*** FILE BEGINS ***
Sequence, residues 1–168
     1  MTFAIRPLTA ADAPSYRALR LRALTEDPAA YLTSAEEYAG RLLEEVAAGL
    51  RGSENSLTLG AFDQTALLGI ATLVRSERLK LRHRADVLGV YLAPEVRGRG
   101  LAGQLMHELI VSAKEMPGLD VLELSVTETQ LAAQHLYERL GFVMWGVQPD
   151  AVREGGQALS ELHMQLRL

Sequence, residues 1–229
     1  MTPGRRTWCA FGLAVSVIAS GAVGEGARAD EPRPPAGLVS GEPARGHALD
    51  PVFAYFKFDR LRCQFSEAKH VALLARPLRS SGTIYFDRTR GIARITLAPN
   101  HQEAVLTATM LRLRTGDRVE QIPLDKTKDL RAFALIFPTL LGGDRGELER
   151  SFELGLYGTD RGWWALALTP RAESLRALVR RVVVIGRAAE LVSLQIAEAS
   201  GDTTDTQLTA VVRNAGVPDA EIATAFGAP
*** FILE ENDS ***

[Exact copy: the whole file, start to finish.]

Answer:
Sequence, residues 1–168
     1  MTFAIRPLTA ADAPSYRALR LRALTEDPAA YLTSAEEYAG RLLEEVAAGL
    51  RGSENSLTLG AFDQTALLGI ATLVRSERLK LRHRADVLGV YLAPEVRGRG
   101  LAGQLMHELI VSAKEMPGLD VLELSVTETQ LAAQHLYERL GFVMWGVQPD
   151  AVREGGQALS ELHMQLRL

Sequence, residues 1–229
     1  MTPGRRTWCA FGLAVSVIAS GAVGEGARAD EPRPPAGLVS GEPARGHALD
    51  PVFAYFKFDR LRCQFSEAKH VALLARPLRS SGTIYFDRTR GIARITLAPN
   101  HQEAVLTATM LRLRTGDRVE QIPLDKTKDL RAFALIFPTL LGGDRGELER
   151  SFELGLYGTD RGWWALALTP RAESLRALVR RVVVIGRAAE LVSLQIAEAS
   201  GDTTDTQLTA VVRNAGVPDA EIATAFGAP